Chastised for expressing emotion and raising their voices at work, many women empathize with Serena Williams
“Studies say women are less likely than men to be tapped for leadership roles when they speak up
‘Women are judged for being emotional,” says Dudley, author of ‘Work It! Get In, Get Noticed, Get Promoted.’ ‘We’re considered to be difficult when we get angry, whereas men are perceived as being tough and powerful. I’m going to be labeled as a ball-buster and men are going to be labeled as take charge. This is exactly what happened to Serena Williams at the U.S. Open on Saturday. I’m not saying she should have done what she did, but it’s an emotional game. At the same time, a double standard was applied. Had she been a male, it wouldn’t have been the same.’
At the U.S. Women’s Open final, Williams, 36, got into a heated discussion with the umpire Carlos Ramos after he penalized her for receiving hand signals from her coach. She denied that her coach was giving her such signals. She later smashed her racket on the court, incurring another penalty and, after calling Ramos a ‘thief’ for docking her a point, he gave her a third code violation, costing her a game and a $17,000 fine. She ultimately lost to Japan’s Naomi Osaka, 20, 6-2, 6-4. (The U.S. Tennis Association and World Tennis Association have both said there’s a higher tolerance of such behavior by men in the game.)
… Research shows that men who get angry at work are perceived as strong and decisive, while women are more likely to be regarded as hysterical and, as such, may show more restraint than their male colleagues. ‘Both men and women are held to norms of appropriate emotional expression in the workplace, but emotional expressions by women tend to come under greater scrutiny than those by men,’ according to a 2016 paper, ‘Constrained by Emotion: Women, Leadership, and Expressing Emotion in the Workplace.’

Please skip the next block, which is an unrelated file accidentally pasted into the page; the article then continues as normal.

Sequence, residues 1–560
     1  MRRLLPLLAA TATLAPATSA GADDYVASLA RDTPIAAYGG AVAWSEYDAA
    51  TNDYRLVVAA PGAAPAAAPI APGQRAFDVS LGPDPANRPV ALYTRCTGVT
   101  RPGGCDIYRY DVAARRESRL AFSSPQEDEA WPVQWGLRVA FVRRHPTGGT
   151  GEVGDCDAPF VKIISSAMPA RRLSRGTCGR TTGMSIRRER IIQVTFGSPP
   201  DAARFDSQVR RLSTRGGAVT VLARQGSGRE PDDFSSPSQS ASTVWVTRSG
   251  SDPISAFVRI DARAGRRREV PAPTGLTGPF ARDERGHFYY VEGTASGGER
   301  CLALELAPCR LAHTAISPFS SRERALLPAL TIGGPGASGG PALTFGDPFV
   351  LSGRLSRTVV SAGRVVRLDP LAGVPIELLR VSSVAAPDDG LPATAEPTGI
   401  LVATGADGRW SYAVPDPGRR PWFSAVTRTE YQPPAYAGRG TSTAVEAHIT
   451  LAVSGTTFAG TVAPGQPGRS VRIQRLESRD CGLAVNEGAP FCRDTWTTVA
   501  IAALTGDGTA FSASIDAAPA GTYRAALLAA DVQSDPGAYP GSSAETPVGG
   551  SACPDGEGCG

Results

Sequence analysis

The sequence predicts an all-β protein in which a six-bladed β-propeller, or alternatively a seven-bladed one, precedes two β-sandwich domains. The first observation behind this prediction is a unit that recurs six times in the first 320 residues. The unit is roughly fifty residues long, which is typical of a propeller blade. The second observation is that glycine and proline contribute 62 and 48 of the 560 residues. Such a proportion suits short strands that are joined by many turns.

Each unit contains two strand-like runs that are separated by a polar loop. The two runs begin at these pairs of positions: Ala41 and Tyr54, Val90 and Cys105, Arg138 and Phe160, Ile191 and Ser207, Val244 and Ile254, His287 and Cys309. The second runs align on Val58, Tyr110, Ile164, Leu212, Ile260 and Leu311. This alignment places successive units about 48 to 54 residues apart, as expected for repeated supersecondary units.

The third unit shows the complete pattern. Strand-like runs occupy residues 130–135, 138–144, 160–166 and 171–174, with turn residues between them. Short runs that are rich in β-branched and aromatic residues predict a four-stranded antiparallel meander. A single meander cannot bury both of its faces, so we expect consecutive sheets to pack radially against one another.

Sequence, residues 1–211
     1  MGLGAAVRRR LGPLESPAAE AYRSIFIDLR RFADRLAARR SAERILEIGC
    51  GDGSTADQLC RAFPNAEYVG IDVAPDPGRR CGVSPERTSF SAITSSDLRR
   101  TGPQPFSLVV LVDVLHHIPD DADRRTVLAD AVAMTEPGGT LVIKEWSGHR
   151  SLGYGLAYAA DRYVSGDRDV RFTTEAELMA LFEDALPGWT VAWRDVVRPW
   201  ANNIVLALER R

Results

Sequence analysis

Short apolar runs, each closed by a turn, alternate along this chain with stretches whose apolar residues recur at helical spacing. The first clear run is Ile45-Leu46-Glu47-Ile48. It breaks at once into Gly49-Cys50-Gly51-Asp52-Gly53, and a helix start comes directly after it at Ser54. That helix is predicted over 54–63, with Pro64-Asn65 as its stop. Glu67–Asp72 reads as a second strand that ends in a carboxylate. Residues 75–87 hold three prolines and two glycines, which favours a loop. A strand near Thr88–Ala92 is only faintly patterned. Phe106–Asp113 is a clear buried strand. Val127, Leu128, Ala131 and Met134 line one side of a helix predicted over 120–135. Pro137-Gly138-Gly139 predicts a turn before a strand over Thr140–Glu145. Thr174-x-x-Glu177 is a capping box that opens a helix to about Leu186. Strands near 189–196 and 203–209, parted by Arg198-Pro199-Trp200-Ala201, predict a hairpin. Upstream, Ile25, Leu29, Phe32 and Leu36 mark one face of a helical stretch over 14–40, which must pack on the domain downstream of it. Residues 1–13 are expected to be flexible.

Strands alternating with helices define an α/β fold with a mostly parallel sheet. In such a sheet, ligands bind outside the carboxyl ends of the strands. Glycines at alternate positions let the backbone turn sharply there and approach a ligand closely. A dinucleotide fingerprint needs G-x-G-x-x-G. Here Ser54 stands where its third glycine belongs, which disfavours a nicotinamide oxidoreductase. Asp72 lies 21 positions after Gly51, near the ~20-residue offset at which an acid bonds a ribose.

Women incur social and economic penalties for expressing stereotypical ‘masculine’ emotions because it threatens society’s patriarchal barriers against the ‘dominance of women,’ the researchers — Jacqueline Smith, Victoria Brescoll and Erin Thomas — wrote in the paper, published in the ‘Handbook on Well-Being of Working Women.’ At the same time, when women express stereotypical ‘female’ emotions, ‘they are judged as lacking emotional control, which ultimately undermines women’s competence and professional legitimacy,’ the researchers noted.
In fact, women employed in male-dominated workplaces are more likely to say their gender has made it harder to be heard at work and they report gender discrimination at higher rates, a survey released in March by the Pew Research Center, a nonprofit think tank in Washington, D.C., concluded. When women express emotion at work, they’re often regarded as weak, says Colleen Huber director of e-learning design and development at Seattle-based MediaPro, which focuses on cybersecurity and data privacy threats. And how are men perceived? ‘They’re showing passion.'”